While rare, residential water heater explosions do occur and can be deadly. Explosions are possible with gas and electric tank water heaters, mainly those that are poorly maintained. Wondering what makes a water heater explode in the first place? Water heater explosions are scary and can happen. There are several reasons why your water heater may explode; however, the main reason behind water heater explosions is pressure.
Anything that causes excess pressure in the water heating system, such as a faulty anodic rod or a large accumulation of sediment, can cause the water heater to burst. A gas leak can also cause the water heater to explode because it is a huge fire hazard. Explosion of a hot water heater can cause serious damage, physical injury and even death. Fortunately, there are very clear preventive measures and warning signs to be aware of.
In this post, we tell you everything you need to know to avoid an explosion of this type and even what to do if it happens. Water heater explosions may be rare, but they are dangerous. The released force can go through walls and cause serious injury. Hot boiling water can severely burn.
There have even been reported cases of death due to the explosion of a hot water system. There is such a thing as the explosion of a water heater. It can happen and is a serious danger when it occurs. What can cause a water heater to explode? In fact, there are quite a few potential reasons.
The main cause, which can occur in different situations, is reduced, is pressure. Any problem that causes the pressure to rise too high can cause an explosion. This includes sediment, a broken rod, a broken valve, or a poor installation. A gas leak can also cause an explosion and be a major fire hazard that can result in extensive damage, injury and death.
Will a faulty water heater explode? What are the signs to watch for?. So, can a water heater explode? Electric and gas water heaters may explode if the pressure inside the tank is too high, failure of temperature pressure relief valve & or improper installation. With gas water heaters, flammable vapors or a gas leak can cause an explosion if a spark ignites the flammable gas or vapors. The answer is a resounding YES.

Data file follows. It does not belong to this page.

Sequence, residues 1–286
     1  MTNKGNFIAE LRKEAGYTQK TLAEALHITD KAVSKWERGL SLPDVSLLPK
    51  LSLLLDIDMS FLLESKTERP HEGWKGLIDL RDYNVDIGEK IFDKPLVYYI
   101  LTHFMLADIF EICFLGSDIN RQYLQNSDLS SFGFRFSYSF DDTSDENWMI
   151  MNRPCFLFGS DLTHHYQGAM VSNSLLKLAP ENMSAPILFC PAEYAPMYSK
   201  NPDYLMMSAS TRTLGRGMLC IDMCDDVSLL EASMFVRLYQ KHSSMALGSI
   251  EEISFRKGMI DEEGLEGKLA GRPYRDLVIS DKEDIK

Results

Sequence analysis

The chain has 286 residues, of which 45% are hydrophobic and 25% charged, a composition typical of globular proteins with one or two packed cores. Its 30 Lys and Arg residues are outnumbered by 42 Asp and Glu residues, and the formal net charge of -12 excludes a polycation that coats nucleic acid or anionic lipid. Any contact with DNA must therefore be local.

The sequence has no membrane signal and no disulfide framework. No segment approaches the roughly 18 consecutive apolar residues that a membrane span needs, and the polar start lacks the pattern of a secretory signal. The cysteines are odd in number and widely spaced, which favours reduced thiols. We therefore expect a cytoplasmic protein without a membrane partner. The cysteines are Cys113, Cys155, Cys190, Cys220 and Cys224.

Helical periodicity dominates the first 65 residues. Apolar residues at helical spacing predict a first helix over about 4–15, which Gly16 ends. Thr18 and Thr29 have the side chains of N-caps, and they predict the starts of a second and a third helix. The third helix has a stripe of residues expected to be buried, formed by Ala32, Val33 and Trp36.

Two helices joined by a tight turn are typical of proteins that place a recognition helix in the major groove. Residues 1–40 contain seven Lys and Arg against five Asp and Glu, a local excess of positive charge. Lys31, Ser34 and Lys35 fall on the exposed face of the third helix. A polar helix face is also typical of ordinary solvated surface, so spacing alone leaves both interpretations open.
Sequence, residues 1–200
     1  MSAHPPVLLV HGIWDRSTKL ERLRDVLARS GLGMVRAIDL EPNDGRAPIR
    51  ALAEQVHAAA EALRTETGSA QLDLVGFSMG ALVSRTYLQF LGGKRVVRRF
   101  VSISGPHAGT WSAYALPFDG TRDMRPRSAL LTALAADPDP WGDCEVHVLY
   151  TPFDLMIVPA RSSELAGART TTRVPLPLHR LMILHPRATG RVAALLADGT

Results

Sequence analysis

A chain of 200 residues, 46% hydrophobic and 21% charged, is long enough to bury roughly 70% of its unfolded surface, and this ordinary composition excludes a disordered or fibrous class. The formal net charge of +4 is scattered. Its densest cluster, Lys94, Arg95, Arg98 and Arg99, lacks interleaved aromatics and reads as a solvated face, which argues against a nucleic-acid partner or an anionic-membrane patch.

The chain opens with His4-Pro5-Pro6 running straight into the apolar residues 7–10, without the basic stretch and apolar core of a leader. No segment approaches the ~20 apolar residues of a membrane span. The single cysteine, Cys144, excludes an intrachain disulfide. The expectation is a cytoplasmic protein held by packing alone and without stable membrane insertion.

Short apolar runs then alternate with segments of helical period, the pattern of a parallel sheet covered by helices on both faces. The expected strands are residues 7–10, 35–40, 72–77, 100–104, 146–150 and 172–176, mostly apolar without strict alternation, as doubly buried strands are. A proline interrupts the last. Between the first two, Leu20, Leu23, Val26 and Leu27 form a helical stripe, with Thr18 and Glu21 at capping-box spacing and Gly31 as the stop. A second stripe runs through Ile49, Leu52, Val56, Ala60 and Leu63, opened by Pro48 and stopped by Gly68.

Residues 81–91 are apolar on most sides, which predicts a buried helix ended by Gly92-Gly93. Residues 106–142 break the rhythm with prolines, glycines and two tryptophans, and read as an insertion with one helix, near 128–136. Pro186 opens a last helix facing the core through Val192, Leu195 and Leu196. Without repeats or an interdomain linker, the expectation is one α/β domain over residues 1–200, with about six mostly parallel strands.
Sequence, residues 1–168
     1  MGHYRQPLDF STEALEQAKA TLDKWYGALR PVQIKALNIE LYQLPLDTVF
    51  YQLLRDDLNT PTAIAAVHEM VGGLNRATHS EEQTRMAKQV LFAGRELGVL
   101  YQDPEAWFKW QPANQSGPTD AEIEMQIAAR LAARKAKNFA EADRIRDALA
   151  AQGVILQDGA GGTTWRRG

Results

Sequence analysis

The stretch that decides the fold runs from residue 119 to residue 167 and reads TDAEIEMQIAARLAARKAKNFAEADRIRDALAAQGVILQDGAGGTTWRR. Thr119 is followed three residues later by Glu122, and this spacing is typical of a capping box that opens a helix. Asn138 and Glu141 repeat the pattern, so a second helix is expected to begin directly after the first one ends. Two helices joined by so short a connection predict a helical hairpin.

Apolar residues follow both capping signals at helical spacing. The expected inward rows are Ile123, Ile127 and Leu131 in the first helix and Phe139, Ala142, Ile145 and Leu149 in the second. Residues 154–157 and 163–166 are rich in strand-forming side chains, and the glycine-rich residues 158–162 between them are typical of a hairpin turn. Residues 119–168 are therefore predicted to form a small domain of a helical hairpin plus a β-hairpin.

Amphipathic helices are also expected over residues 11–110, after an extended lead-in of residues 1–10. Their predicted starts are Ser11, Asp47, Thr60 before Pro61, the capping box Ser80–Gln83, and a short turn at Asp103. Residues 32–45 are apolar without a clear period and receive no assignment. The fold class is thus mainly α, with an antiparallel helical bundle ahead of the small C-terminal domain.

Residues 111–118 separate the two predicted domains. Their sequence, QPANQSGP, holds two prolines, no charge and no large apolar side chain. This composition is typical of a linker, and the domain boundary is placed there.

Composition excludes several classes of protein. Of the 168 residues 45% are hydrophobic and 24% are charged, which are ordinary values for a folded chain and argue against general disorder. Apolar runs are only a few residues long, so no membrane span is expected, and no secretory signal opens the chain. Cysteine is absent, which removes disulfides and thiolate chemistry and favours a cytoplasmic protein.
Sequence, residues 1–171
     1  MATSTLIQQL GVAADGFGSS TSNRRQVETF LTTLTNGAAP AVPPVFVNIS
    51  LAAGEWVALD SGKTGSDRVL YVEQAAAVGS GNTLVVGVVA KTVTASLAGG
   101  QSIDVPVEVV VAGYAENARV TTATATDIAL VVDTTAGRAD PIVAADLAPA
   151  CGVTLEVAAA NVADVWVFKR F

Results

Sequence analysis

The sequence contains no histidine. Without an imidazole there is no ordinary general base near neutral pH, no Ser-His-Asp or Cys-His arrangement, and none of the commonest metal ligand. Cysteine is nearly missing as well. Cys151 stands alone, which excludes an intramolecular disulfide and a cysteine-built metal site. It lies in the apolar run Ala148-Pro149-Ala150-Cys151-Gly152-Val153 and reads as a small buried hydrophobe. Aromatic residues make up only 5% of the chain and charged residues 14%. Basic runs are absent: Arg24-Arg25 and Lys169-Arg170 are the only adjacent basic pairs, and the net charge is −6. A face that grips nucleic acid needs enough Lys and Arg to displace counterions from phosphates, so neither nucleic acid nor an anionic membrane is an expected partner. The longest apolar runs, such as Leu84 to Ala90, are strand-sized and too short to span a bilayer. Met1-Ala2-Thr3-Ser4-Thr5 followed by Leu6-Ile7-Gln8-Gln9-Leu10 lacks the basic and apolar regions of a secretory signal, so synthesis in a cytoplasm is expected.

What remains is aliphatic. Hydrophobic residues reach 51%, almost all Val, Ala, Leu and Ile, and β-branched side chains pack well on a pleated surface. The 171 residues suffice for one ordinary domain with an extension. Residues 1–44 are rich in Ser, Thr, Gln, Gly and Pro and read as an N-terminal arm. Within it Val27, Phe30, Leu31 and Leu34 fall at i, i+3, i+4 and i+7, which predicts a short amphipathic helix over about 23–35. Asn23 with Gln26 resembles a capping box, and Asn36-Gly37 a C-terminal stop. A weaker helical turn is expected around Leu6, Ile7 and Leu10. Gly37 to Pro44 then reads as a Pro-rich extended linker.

Electric water heaters can explode. If you see this valve leaking or routinely discharging water, you should immediately request that a licensed plumber check the water heater. If your water heater produces rumbling, bursting and creaking noises, you should immediately contact the nearest plumbing company. In fact, many fatal incidents (like this one where a family lost their father and their house) occur as a result of people trying to fix their water heaters on their own.
Not only could this be a sign of a possible explosion of the water heater, but it is also detrimental to your health and that of your family. If you don't have a water softener installed, this sediment will build up in your tank and reduce its structural integrity. Replacing the anode rod is a relatively straightforward procedure; however, if you are not familiar with water heaters or are not working with water heaters, we recommend that you call a licensed plumber to do so. This mineral layer insulates the water from the burner, making it work longer to heat the water, causing it to overheat and deteriorate the tank.
If you think your water heater was installed poorly or was poorly serviced, please contact a different company or technician. Once the sacrificial anode rod is completely sacrificed, the minerals in the hard water begin to attack the inner lining of the water heater. Water heaters that are properly installed and maintained rarely do so, and having a legitimate technician install and maintain your water heater is always the best option. Signs that your water heater is going to explode are water leaks from the tank, faulty pressure relief valve, murky water, popping noise and lack of hot water.
The most important thing is that you should call a professional to examine your water heater and the condition of the air and your house immediately. The same goes for other flammable liquids that are often stored in garages, such as gasoline, kerosene, paint thinner and other solvents, which can be accidentally ignited by the pilot light of a gas water heater. Third-degree burns are possible with water at 149 degrees for two seconds, 140 degrees for five seconds or 133 degrees for 15 seconds. If the water pressure inside the tank is too high, it is released through a safety function called temperature pressure relief valve & or valve T% 26P.